Dial One, Followed by the Octothorpe
Everyone knows the cross-hatched symbol #.
For some it’s the “pound sign” because it has been used by greengrocers as a symbol for “pound” on the little signs pricing fruit and vegetables: .75# (seventy-five cents a pound).
For some it’s the “tic-tac-toe sign” because of the game that uses it as the playing area.
Automated telephone systems instruct us to dial certain numbers, “followed by the pound sign,” a direction that confused me at first because I think of this symbol as the “number sign.”
As if there weren’t already enough names for it, engineers at Bell have come up with an “official” moniker for it: the octothorpe. The “octo” part comes from the fact that the symbol has eight points. No one seems to be able to say with any certainty where the “thorpe” comes from.
European phone companies, like British Telecom, call the symbol a “square,” a term apparently too simple for the North American telephone industry.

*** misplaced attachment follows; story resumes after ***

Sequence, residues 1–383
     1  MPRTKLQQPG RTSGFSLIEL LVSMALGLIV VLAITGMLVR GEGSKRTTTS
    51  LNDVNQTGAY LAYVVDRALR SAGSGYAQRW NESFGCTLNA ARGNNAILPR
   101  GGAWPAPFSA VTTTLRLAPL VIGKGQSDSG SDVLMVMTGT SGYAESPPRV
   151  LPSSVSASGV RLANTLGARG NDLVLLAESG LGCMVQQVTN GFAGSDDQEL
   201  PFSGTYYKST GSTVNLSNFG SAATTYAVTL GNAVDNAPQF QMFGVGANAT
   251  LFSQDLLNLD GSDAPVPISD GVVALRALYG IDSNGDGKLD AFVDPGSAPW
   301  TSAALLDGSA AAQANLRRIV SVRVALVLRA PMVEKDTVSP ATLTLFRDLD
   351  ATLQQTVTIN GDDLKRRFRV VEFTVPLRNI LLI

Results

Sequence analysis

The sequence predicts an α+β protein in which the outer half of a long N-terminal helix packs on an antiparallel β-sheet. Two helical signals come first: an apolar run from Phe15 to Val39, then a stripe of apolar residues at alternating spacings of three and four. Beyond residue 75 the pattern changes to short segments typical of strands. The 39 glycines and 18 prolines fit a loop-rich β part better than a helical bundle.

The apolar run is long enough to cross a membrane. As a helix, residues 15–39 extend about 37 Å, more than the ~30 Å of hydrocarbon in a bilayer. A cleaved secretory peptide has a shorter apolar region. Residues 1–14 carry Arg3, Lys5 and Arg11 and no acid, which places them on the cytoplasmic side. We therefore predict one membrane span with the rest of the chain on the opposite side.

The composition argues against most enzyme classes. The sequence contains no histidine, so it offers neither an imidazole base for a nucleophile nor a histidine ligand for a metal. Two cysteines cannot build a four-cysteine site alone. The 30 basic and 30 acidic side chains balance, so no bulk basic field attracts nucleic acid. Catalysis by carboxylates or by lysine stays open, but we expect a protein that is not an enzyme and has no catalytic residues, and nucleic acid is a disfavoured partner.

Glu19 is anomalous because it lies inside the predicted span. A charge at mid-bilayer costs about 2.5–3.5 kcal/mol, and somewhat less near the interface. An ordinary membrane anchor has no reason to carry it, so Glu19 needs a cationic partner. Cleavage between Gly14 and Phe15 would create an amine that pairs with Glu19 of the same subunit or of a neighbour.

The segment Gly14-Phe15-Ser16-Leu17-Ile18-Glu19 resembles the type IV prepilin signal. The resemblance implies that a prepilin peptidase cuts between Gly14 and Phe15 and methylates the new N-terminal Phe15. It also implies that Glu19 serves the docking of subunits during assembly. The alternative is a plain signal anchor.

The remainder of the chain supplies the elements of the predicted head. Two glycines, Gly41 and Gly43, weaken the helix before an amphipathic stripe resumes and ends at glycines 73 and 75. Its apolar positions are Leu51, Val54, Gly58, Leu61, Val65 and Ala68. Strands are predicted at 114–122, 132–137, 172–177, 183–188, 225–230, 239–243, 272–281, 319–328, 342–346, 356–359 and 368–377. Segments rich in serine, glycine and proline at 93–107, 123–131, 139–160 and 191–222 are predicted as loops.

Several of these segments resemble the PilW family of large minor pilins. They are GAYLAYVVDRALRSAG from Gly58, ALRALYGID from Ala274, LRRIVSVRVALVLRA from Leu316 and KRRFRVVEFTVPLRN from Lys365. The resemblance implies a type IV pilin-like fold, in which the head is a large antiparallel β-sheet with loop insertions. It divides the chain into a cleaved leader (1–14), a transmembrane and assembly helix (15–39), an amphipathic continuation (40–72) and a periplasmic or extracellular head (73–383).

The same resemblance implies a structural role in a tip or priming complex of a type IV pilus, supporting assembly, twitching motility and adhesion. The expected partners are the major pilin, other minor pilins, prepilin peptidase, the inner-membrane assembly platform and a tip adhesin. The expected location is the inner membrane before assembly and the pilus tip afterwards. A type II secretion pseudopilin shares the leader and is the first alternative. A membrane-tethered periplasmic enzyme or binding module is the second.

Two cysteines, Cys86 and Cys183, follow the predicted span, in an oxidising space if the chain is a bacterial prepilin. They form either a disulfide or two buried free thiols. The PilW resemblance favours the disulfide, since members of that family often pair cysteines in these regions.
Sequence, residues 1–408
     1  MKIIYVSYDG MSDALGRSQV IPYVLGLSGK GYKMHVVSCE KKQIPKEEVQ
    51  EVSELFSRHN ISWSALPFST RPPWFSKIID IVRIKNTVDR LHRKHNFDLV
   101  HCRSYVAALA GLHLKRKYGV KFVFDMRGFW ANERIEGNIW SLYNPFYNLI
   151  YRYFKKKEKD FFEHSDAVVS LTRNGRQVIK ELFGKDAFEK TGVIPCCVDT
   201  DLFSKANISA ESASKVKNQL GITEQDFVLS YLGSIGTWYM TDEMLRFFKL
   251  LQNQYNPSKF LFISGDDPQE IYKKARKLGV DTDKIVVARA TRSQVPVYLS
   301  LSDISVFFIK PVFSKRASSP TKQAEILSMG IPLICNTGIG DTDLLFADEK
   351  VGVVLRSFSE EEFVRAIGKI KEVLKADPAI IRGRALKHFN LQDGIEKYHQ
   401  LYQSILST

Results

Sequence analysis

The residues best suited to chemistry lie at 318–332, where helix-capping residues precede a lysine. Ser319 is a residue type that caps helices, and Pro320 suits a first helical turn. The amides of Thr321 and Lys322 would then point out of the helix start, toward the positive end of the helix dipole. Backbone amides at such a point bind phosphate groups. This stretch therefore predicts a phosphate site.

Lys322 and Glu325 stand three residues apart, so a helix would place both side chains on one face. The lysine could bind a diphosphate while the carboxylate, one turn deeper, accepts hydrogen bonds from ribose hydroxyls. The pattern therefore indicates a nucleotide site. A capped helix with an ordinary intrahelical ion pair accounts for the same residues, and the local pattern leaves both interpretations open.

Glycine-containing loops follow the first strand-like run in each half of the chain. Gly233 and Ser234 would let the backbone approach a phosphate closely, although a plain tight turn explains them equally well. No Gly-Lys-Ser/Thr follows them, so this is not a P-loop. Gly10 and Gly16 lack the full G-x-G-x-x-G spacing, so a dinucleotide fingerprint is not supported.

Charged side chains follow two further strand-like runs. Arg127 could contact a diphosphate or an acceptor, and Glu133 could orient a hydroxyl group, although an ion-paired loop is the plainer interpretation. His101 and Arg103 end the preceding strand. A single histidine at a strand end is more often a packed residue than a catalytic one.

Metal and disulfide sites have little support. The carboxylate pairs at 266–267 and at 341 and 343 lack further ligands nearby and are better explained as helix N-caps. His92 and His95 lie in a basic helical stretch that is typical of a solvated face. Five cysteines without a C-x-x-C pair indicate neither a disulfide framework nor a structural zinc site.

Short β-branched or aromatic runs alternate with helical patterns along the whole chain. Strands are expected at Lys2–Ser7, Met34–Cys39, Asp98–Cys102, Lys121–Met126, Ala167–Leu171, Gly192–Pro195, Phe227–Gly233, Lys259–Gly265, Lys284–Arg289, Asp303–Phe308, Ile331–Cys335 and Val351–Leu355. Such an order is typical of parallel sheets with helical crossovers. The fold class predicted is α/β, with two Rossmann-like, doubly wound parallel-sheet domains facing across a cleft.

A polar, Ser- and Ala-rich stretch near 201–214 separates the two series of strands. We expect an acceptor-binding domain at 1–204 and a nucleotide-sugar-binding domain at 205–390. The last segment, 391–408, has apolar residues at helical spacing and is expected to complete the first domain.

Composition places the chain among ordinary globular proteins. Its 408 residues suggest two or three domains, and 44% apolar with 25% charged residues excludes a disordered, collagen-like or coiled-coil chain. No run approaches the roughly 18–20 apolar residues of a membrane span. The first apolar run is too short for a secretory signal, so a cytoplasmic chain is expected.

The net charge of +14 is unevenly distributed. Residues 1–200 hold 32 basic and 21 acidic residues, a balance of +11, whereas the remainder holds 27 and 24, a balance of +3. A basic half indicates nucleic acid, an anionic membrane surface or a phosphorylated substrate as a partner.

On the other hand, rather than use the obvious word “asterisk” for that symbol on the dial, the telephone powers prefer to call it a “star.” Go figure.
For an exploration of the etymology of octothorpe visit World Wide Words.
Subscribe to Daily Writing Tips and get a free eBook!
- Our weekly newsletter is free (one email per week, on Tuesdays)
- You will improve your English, guaranteed.
- Get our "100 Writing Mistakes to Avoid" eBook free.
Keep learning! Browse the Vocabulary category, check our popular posts, or choose a related post below:
- 12 Types of Language
- Grammar Quiz #21: Restrictive and Nonrestrictive Clauses
- 50 Synonyms for “Villain”